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HRN Original Blog:
View From The Bluegrass

A.P. Indy colt top seller at Keeneland Sept. Yearling Sale opening day

The first day of the 2011 Keeneland September Yearling Sale saw an A.P. Indy colt sell for $1.4 million to become the sales topper of the opening session.
The colt was out of the Deputy Minister mare Malka, and is part of the family of Kentucky Derby (G1) winner Super Saver. He was consigned by Hill ‘n’ Dale Sales Agency, agent.
Bob Feld, a bloodstock advisor, said the colt was purchased by a group, which includes John Amerman and Robert “Shel” Evans. The colt will be trained by Neil Drysdale.
“He’s a gorgeous colt,” Feld said in the Keeneland press release. “There aren’t too many A.P. Indy’s left. Neil thought he looked more like A.P. Indy than any colt he’s ever seen.”
A.P. Indy was pensioned earlier this year.
In addition to the A.P. Indy colt, a pair of Street Cry (IRE) colts brought the evening’s second- and third-highest prices.
George Bolton, a San Francisco businessman who bid by phone, acquired a colt by Street Cry (Ire) out of multiple graded stakes winner Forest Music, by Unbridled’s Song. Bolton paid $1.2 million for the colt, which was consigned by Gainesway, agent for Stonestreet Thoroughbred Holdings.
“I saw this horse grow up and whenever you see a horse grow up and know a horse from its early days on, that’s very important,” said Bolton. “The mare is proven to be a good runner, and she had a great first foal. Those are some pretty nice pieces of news to have.”
Bolton also noted that the colt was bred by the late Jess Jackson of Stonestreet Stables, a family friend.
The other Street Cry (Ire) colt was purchased by Benjamin Leon, in the name of his Besilu Stables. He paid $925,000 for the colt, which is out of champion Hollywood Wildcat. Consigned by Taylor Made Sales Agency, agent for Irving Cowan, the colt is a half-brother to Breeders’ Cup Mile (G1) winner and sire War Chant, and English Group 2 stakes winner Ivan Denisovich (IRE).
“It’s a Street Cry son and (he) has a heck of a family on the dam side,” Leon said. “We are trying to round up the very best quality – not quantity but quality. We believe the horses we are buying are quality and they look like good racehorses.”
Leon was also the session’s leading buyer, as he purchased the session’s two highest-priced fillies at $775,000 each. The first was by Indian Charlie out of multiple graded stakes winner Lu Ravi. It was consigned by Woods Edge Farm, agent. The second was by A.P. Indy out of stakes winner Private Gift from Mr. Brilliant Farm, agent.
Gross sales at Keeneland’s opening session on Sunday totaled $25,260,000 for 67 yearlings, for an average of $377,015 and a median of $350,000. Last year, 69 horses sold for $23,965,000, for an average of $347,319 and a median of $250,000.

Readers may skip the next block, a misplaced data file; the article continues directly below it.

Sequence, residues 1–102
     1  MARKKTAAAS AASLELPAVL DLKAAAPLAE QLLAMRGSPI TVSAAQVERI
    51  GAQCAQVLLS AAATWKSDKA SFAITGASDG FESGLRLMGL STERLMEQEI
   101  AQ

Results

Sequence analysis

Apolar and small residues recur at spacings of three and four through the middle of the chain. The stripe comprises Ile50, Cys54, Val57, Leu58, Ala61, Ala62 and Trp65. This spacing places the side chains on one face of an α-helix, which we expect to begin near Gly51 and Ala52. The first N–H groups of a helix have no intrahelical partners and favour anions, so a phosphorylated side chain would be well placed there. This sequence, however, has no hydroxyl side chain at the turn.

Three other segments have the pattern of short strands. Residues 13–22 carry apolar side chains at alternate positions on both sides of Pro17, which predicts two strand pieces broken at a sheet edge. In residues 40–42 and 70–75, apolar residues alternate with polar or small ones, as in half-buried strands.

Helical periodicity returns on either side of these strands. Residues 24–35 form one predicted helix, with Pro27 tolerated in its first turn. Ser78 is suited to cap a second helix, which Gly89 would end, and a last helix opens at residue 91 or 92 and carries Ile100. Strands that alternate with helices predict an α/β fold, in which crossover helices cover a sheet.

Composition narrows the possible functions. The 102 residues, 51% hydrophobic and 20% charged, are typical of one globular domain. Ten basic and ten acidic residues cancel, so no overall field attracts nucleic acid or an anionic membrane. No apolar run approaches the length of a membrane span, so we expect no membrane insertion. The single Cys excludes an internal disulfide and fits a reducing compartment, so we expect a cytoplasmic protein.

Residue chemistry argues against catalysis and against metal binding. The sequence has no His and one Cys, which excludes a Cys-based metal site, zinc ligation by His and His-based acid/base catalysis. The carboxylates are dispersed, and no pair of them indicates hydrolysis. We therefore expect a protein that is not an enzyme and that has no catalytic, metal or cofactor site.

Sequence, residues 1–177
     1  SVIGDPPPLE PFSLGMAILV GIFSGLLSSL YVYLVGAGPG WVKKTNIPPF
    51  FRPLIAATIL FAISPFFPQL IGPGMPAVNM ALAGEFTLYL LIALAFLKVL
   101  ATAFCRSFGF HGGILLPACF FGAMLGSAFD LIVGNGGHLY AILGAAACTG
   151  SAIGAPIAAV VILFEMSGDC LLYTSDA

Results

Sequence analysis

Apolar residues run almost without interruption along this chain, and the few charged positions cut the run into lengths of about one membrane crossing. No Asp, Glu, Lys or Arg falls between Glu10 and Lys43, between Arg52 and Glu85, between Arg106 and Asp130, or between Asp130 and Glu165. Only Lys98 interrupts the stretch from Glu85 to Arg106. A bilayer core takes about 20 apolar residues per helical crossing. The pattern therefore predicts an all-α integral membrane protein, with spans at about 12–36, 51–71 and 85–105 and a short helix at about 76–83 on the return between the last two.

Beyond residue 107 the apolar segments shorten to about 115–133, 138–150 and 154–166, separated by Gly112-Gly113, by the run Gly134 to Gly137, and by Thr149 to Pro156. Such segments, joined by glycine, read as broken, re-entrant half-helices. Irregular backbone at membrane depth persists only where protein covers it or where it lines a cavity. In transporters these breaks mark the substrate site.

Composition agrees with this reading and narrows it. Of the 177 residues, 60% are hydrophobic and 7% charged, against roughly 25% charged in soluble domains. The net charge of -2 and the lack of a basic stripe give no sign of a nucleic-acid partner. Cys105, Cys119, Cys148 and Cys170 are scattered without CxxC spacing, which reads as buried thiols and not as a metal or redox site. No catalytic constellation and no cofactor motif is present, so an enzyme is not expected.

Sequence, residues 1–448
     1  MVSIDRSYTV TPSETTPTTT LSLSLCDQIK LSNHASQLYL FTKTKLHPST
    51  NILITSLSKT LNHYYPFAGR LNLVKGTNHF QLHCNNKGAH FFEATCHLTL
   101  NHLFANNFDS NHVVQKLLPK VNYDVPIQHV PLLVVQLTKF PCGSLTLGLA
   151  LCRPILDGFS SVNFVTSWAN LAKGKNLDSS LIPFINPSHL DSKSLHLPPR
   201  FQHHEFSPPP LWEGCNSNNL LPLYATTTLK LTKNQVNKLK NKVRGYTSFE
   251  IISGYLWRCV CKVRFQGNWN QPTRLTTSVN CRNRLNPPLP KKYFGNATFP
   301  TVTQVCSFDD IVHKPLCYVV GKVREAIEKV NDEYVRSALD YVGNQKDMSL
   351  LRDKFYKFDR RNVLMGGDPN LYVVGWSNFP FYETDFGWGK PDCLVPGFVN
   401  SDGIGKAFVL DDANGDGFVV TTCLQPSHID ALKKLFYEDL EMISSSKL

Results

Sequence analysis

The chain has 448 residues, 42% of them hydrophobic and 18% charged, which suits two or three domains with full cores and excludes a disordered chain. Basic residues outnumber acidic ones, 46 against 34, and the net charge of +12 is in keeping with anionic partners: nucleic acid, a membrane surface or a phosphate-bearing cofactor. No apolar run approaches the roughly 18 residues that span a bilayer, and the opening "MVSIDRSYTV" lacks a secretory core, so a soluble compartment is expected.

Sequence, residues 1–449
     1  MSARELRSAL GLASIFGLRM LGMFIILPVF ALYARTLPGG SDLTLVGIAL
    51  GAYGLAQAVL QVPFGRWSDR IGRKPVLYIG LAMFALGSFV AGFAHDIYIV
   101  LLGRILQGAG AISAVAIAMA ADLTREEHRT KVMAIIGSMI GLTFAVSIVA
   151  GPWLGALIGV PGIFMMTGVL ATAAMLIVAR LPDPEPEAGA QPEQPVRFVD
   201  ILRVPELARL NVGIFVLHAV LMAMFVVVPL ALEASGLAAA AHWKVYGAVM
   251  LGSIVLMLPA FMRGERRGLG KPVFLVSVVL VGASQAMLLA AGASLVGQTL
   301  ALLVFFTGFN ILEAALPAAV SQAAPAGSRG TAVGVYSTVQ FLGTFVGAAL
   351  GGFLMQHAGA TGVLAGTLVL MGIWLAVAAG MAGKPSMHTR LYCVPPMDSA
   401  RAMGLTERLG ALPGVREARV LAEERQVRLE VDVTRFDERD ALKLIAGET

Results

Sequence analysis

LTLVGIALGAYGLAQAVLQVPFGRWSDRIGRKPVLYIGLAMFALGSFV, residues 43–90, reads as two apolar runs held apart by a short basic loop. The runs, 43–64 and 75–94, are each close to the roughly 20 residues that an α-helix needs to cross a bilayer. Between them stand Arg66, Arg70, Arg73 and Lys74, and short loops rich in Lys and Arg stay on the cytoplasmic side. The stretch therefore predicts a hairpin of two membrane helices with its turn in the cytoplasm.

“There were a number of good, solid outcomes from today’s session,” said Keeneland Vice President of Sales Walt Robertson. “We had two horses sell for more than a million dollars compared to one that sold in this session last year. The top two buyers are domestic, yet several of the top-priced hips sold to international buyers, indicating a depth within in the buying bench. The average was up, as was the median. Clearly, the buyers remain discerning in this market. All in all, we’re pleased with how this session went.”
The September Sale continues through Saturday, September 24. The Monday, September 12, session begins at 7 p.m. eastern time. The entire sale is streamed live at Keeneland.com
Information provided by Keeneland.
Photo courtesy of Keeneland Photos.


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Older Comments about A.P. Indy colt top seller at Keeneland Sept. Yearling Sale opening day...

I actually wanted the A.P. Indy colt too, but sadly I fell $1.39 million short.

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Meet Rick Capone
Rick Capone has been a horse racing fan since the Saturday afternoon when he saw Riva Ridge, his all-time favorite horse, win the Kentucky Derby on television.
Today, he is the sports editor for The Woodford Sun, a weekly newspaper in Versailles, Ky., a town just outside of Lexington and only 15 minutes away from Keeneland.
In addition to his duties at the Sun, Rick is a volunteer at Old Friends, the thoroughbred retirement farm in Georgetown that is owned by Michael Blowen. He even is part owner of one of the retirees there, Miss Hooligan, the grand daughter of 1988 Eclipse Award – Champion Turf Horse, Sunshine Forever, who is also on the farm.
Rick grew up in Havertown, Pa., just outside of West Philadelphia. At 20, he moved to South Florida with his family and lived a stones throw from Gulfstream. After some stops in North Carolina, Georgia and California, he currently lives in Georgetown, Ky., where he gets to drive by some of the greatest horse farms in the world on his way to work every morning.

(Photo: Miss Hooligan and Rick at Old Friends this past December. (Photo by Steve Blake)

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